Phil Jackson Says Kobe Bryant Requested Trade from Lakers During 1999-00 Season

Alec Nathan@@AlecBNathanFeatured ColumnistSeptember 2, 2016

Los Angeles Lakers' Kobe Bryant (24) and head coach Phil Jackson, right, during Game 4 of a second-round NBA playoff basketball series against the Dallas Mavericks, Sunday, May 8, 2011, in Dallas. The Mavericks won 122-86.  (AP Photo/Tony Gutierrez)
Associated Press

Kobe Bryant retired as a Los Angeles Laker for life, but Phil Jackson revealed in a recent interview that the Purple and Gold briefly entertained the thought of dealing him for another superstar a couple of seasons into his Hollywood tenure. 

Speaking to Charley Rosen of Today's Fastbreak, Jackson said a trade proposal was on the table during the 1999-00 season that would have sent Bryant to the Detroit Pistons in exchange for Grant Hill—whose career was ultimately derailed by ankle injuries:

Kobe was only averaging about 19 points per game. So Kobe called Jerry West and wanted to know how Jerry and Elgin Baylor both averaged 30 points. Kobe also said that he wanted to be traded. Of course, Jerry told me about the conversation. And, for a few minutes I thought about taking the Pistons up on an offer they made to trade Kobe for Grant Hill. Make that a few seconds.

Jackson made a prudent decision by not satisfying Bryant's request, and the rest is history. Kobe and Jackson teamed up for five championships in Los Angeles, and Bryant went down in history as one of the greatest Lakers ever.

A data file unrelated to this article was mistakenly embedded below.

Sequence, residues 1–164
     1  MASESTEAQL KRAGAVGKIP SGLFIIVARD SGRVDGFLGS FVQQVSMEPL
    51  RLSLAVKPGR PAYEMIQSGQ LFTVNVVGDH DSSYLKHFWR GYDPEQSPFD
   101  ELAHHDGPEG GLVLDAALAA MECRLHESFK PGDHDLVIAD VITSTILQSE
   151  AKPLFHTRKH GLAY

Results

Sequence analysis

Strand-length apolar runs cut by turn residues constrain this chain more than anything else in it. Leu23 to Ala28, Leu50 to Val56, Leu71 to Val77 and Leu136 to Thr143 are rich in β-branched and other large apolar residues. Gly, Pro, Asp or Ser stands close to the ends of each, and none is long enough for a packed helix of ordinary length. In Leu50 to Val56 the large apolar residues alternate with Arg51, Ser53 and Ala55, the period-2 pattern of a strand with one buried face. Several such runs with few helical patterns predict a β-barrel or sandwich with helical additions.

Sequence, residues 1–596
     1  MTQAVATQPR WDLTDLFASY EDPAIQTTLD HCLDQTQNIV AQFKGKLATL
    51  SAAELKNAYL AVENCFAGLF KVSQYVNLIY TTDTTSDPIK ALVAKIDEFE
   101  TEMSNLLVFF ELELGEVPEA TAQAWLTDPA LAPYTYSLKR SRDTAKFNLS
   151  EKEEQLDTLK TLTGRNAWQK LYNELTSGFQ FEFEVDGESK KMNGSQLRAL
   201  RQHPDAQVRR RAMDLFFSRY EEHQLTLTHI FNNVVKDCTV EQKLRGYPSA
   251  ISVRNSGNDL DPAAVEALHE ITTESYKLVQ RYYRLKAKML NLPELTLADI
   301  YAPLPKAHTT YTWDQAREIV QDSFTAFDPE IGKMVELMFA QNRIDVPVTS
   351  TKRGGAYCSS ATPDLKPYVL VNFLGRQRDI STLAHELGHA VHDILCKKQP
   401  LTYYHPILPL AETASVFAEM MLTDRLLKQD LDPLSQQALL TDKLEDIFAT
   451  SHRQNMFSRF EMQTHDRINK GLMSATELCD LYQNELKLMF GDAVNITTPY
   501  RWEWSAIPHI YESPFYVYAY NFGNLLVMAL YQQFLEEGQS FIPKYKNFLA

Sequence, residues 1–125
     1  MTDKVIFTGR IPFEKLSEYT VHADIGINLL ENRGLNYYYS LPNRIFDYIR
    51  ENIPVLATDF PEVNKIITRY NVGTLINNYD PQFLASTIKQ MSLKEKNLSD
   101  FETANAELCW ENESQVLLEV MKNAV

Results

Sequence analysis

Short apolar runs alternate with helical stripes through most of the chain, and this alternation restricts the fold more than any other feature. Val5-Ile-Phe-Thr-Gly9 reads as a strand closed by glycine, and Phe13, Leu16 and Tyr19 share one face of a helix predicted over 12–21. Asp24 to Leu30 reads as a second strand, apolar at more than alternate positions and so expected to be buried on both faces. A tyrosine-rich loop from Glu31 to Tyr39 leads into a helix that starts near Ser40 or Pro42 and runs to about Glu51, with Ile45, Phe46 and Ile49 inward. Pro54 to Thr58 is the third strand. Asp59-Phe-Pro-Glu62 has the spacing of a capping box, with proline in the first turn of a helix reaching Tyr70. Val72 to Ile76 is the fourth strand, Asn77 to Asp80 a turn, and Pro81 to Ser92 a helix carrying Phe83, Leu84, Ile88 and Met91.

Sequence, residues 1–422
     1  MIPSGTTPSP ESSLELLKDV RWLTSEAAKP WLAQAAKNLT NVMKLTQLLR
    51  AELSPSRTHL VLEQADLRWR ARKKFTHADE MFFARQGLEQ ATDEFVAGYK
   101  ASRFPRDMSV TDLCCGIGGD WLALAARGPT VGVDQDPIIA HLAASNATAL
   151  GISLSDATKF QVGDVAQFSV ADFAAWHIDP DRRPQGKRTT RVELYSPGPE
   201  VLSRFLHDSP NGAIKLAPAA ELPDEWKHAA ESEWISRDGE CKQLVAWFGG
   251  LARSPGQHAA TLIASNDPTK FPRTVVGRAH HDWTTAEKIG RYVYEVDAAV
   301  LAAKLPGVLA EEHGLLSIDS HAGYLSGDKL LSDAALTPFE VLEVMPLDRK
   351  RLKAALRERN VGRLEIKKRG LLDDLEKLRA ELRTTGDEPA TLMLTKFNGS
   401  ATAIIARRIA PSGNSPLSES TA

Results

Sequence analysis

Kobe Bryant, Grant Hill Career Comparison
PlayerGames PlayedPPGAPGRPGFG%3P%PER
Kobe Bryant1,34625.
Grant Hill1,02616.
Source: Basketball-Reference.com

However, Bryant's connection with Detroit cropped up again in 2007, when he was nearly dealt to the Pistons after demanding a trade.  

According to Yahoo Sports' Adrian Wojnarowski: "The Lakers had agreed to a deal to send Bryant to the Pistons and needed Bryant's approval to waive his no-trade clause. The package included a combination of Detroit's core players and draft picks, sources say."

However, Bryant refused to waive his no-trade clause because Detroit wasn't one of the franchises he had pinpointed as an acceptable landing spot. 

Because he nixed the deal to Detroit, Bryant's legacy benefited immensely.

While he could have succeeded in the Motor City, the NBA's third all-time leading scorer added two rings to his collection in 2009 and 2010 with Jackson back at the helm, as the duo helped bolster the Lakers' dynastic standing in NBA lore. 


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